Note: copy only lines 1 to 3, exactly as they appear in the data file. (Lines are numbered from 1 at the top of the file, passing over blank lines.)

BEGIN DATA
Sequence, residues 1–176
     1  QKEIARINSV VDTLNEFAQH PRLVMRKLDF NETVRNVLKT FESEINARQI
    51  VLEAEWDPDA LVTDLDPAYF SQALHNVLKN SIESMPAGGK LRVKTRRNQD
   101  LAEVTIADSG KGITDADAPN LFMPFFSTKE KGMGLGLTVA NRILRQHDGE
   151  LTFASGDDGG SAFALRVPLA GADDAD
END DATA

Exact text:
Sequence, residues 1–176
     1  QKEIARINSV VDTLNEFAQH PRLVMRKLDF NETVRNVLKT FESEINARQI
    51  VLEAEWDPDA LVTDLDPAYF SQALHNVLKN SIESMPAGGK LRVKTRRNQD